An amateur set of contemporary modern ruins photography of Reims, at and around the bombed-then-burned-out Cathedral, and probably taken well before the end of the Great War, shows 12 views from a very talented photographer, documenting the damage to a beautiful city and its centerpiece.
Two glass plate negatives from the 1937 Exposition Internationale in Paris, taken from roughly the same position, give a window into the history of the Expo, as well as some of the underlying tensions that were coming to a boil in advance of the Second World War.
A port or other fortified waterfront in Belgium, photographed by A. O. Fasser, is the subject of today's Month of Remembrance post - along with some brief discussion on maritime combat during the Great War.
Four of A. O. Fasser's stereo photos (from a set on Belgium) are not like the other ones - let's take a look!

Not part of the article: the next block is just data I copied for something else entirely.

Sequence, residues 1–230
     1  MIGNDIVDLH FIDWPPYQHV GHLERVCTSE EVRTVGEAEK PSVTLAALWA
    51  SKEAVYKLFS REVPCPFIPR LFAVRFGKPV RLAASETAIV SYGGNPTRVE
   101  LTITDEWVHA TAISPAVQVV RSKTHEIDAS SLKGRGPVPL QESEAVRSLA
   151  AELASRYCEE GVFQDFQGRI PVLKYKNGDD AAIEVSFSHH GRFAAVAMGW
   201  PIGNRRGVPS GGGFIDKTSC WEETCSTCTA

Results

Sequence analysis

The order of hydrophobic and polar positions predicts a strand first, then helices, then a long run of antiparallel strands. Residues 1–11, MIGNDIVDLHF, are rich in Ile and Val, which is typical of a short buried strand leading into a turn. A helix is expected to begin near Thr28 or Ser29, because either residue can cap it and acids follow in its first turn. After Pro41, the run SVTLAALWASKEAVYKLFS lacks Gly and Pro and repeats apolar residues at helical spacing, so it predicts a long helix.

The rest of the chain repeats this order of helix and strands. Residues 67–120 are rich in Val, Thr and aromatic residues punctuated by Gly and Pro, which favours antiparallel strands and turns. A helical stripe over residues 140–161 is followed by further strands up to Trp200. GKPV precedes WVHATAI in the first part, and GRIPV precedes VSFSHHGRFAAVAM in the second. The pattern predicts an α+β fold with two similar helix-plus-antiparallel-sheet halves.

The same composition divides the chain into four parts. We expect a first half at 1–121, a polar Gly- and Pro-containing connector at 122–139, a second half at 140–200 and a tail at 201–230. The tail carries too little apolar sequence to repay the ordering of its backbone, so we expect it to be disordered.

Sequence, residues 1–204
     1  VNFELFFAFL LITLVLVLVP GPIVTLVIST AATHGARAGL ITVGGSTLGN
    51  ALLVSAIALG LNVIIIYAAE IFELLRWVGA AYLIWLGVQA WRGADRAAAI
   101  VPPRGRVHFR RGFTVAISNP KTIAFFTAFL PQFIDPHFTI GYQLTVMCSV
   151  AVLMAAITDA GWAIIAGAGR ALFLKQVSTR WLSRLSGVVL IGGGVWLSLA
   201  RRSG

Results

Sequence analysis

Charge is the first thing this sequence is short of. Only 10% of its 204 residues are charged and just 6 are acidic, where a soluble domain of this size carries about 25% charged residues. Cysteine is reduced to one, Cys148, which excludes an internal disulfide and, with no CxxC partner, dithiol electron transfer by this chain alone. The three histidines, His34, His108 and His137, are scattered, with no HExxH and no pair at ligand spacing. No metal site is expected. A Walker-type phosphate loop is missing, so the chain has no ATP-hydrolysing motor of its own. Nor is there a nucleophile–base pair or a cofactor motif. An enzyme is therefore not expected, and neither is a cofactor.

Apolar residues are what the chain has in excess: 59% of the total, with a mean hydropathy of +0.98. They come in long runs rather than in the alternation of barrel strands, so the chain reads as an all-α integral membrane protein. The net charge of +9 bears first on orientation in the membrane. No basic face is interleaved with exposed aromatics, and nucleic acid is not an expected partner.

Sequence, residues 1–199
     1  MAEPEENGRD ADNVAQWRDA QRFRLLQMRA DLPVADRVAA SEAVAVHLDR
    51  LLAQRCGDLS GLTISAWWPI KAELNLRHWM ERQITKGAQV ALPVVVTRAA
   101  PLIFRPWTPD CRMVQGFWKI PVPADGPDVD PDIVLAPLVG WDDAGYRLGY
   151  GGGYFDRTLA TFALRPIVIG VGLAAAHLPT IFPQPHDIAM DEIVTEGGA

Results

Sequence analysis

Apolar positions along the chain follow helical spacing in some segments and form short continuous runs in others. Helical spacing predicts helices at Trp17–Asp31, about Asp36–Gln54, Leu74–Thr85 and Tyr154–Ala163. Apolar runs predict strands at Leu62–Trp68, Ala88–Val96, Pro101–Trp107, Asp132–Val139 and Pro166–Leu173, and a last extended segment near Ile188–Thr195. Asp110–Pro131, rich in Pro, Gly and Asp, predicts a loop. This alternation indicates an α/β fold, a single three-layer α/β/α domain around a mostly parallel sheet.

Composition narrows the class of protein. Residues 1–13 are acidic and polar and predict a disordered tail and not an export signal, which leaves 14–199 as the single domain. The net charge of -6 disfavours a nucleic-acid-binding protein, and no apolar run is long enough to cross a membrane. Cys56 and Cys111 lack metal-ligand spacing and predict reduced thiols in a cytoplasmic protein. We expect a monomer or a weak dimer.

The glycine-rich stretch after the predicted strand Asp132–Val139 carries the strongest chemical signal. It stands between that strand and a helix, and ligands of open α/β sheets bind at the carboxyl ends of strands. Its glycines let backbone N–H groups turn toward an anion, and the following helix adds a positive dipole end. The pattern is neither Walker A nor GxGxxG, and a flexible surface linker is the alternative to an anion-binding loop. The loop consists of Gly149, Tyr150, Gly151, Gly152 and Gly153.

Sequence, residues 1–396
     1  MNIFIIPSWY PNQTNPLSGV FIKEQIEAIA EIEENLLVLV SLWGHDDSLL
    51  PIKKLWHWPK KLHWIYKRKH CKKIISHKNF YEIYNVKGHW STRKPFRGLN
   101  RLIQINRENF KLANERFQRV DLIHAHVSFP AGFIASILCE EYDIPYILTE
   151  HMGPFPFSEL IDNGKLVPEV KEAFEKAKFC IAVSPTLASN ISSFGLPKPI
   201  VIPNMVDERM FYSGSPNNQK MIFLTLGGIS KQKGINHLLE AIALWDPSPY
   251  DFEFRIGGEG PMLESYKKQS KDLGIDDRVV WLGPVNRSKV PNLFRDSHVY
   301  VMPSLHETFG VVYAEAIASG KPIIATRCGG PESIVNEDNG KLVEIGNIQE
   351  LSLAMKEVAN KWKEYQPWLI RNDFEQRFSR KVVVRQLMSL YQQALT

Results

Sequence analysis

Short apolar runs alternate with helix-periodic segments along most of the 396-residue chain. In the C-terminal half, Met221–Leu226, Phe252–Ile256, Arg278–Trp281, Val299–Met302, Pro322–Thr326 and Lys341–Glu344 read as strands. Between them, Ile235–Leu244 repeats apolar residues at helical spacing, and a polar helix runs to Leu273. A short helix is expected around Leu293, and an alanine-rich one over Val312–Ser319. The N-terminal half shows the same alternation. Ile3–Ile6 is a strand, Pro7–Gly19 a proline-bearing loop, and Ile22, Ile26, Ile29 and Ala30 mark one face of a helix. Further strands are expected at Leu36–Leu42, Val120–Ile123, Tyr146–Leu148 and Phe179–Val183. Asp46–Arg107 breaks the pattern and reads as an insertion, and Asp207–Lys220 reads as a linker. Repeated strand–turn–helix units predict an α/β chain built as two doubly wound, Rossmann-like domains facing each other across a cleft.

A look at the next box marked "Belgium" in the A. O. Fasser, as well as a consideration as to why plates in poor condition still need the "deluxe treatment" as regards their conservation.
A new box of slides from Brentano's - stamped "Verdun" on the front - gives me the opportunity to make some side-by-side comparisons of both duplicate and same-subject images from my collection.
A double exposure can be accidental. But this strange triple exposure - found in one of A. O. Fasser's "Belgium" boxes - was almost certainly made on purpose. The question is: to what end?